Year/Century: 17th century
Description: S. Ammirato. The Florence Story. A. Massi, Florence, 1641-1647, 2 volumes in 3 parts. (8),553; (2),557-1188,(2); (8),563,(37) pages, three huge, identical engraved title pieces, original vellum binding in a consistent style. Folios, 9 by 13 1/3"; minor foxing and fading; volume 3's first two leaves have some margin repair; volume 2's front cover repair is visible in the photo; all volumes have the Whig MP George Wilbraham's bookplate on the top pastedown. Scipione Ammirato was an Italian philosopher and historian who lived from 1531 to 1601. He is currently recognized as a key pioneer in the academic field of philosophy history research. Discorsi sopra Cornelio Tacito, or "Discourses on Tacitus," his political treatise published in 1594, is his most well-known work. With multiple translations, the book quickly rose to the status of "an international classic." Ammirato makes a strong first impression as an anti-Machiavellian in his Discorsi, going above and beyond to refute Il Principe's central claims. Ammirato did not view tacitism as a stand-in for Machiavellianism, in contrast to Botero and Lipsius.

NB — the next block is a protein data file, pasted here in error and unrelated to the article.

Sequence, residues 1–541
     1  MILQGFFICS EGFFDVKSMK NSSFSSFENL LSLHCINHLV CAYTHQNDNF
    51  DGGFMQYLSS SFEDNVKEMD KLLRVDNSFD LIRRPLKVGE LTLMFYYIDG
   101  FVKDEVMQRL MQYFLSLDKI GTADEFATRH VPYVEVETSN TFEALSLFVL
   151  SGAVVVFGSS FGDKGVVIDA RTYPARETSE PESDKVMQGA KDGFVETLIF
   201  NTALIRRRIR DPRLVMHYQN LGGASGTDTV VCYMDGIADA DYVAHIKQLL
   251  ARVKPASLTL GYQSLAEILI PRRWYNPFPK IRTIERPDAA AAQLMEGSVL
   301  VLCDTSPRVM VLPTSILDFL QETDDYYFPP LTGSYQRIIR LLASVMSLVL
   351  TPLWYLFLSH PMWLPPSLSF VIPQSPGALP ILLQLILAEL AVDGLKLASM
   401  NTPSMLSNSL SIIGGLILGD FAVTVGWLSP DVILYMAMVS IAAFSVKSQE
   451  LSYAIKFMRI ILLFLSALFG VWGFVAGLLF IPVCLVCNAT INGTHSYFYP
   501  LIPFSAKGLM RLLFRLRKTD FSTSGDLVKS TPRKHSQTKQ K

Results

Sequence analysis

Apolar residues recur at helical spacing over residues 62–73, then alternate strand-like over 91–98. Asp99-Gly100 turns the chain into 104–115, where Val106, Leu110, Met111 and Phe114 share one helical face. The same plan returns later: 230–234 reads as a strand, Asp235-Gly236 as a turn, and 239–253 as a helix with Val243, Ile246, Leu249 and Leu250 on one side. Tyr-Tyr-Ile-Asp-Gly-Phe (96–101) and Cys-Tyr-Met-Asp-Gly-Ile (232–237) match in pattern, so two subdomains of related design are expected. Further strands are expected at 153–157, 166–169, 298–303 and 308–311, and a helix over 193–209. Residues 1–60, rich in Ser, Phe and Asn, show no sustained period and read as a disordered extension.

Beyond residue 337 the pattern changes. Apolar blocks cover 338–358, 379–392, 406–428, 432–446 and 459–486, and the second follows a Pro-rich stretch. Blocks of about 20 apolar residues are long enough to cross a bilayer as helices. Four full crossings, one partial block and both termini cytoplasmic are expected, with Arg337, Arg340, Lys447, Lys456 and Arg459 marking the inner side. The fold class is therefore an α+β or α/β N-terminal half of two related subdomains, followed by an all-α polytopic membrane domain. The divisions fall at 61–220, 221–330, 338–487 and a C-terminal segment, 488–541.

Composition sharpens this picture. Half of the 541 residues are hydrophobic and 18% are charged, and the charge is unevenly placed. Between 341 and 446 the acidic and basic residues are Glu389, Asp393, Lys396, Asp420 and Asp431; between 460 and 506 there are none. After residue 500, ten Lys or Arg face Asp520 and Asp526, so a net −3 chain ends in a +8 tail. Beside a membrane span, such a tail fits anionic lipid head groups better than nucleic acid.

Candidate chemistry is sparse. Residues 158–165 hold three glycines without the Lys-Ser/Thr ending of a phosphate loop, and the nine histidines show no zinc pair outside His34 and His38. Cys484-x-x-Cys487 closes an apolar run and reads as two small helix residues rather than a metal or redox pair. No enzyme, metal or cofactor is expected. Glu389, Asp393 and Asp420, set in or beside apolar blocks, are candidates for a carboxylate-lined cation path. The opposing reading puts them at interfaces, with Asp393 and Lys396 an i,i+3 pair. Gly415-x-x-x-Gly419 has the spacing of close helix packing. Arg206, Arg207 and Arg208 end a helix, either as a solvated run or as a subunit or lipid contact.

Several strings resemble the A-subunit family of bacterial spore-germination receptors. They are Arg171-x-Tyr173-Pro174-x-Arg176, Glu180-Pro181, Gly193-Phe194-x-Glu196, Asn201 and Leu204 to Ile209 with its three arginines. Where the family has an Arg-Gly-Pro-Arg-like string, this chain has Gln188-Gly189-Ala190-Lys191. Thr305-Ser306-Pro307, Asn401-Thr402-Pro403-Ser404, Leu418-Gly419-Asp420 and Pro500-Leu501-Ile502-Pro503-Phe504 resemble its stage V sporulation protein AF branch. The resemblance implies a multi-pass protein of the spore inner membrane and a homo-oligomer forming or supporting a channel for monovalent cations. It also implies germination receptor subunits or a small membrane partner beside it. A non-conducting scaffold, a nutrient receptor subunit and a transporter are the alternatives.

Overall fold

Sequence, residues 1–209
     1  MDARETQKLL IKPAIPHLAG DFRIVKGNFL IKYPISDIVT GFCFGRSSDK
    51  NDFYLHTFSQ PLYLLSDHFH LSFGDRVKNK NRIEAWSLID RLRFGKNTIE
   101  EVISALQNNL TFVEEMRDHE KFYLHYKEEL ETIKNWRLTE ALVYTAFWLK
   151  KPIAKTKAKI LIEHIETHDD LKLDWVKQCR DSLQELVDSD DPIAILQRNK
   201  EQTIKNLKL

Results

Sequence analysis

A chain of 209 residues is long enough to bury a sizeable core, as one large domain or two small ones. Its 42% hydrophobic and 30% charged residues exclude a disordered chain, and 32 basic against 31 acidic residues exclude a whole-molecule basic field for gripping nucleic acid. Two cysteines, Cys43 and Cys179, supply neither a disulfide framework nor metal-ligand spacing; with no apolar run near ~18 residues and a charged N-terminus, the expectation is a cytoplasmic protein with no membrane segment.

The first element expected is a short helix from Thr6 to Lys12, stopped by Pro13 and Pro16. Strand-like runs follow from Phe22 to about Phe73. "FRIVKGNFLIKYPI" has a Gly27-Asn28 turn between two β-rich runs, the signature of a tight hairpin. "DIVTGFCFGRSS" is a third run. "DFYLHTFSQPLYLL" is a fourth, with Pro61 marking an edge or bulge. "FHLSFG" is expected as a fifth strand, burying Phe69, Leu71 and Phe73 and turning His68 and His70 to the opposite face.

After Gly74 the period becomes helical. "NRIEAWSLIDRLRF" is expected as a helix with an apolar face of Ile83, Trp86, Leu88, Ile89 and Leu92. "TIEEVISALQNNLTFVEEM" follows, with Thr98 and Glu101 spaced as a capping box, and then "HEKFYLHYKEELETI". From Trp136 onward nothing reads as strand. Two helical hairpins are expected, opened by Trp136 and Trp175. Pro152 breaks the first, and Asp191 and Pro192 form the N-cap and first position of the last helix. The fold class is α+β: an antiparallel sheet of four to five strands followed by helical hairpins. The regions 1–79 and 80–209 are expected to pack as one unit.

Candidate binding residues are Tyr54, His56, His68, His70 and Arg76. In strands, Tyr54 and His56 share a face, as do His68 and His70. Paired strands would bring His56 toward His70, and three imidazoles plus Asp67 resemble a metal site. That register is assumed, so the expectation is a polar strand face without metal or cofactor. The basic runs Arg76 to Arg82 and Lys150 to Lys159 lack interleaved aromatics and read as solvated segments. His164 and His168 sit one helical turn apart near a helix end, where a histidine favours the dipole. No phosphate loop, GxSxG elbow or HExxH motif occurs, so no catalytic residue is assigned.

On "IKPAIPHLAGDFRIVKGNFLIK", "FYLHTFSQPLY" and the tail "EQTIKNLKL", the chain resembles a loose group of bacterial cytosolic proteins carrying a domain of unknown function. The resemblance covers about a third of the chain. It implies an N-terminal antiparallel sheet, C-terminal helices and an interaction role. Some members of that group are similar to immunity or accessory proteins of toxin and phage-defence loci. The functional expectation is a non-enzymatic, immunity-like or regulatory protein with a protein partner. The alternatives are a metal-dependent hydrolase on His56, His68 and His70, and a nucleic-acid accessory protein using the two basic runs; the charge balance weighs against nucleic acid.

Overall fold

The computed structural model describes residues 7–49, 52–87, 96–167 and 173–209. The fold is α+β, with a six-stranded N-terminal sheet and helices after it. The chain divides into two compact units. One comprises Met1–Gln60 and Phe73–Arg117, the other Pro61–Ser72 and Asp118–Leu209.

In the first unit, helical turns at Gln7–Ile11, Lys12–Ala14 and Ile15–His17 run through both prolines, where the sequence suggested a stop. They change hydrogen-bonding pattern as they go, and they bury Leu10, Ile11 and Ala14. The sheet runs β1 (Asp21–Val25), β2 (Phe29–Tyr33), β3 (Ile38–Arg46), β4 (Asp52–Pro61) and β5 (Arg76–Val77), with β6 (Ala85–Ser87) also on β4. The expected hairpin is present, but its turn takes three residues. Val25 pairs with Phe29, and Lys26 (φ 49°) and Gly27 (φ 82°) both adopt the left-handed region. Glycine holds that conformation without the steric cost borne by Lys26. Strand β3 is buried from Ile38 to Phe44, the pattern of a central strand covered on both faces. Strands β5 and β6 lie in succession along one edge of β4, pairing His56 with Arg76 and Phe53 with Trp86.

Instead, his Discorsi use the Roman historian's writings as a counterbalance to Il Principe, a strategy that would become widely accepted during the protracted Tacitus renaissance. Furthermore, Ammirato's theory of the reason of state defined this "reason" as the reason of the greater public good (such as public safety); as a result, the modern prince did not contradict Christianity by deviating from the standard moral order in extraordinary circumstances.
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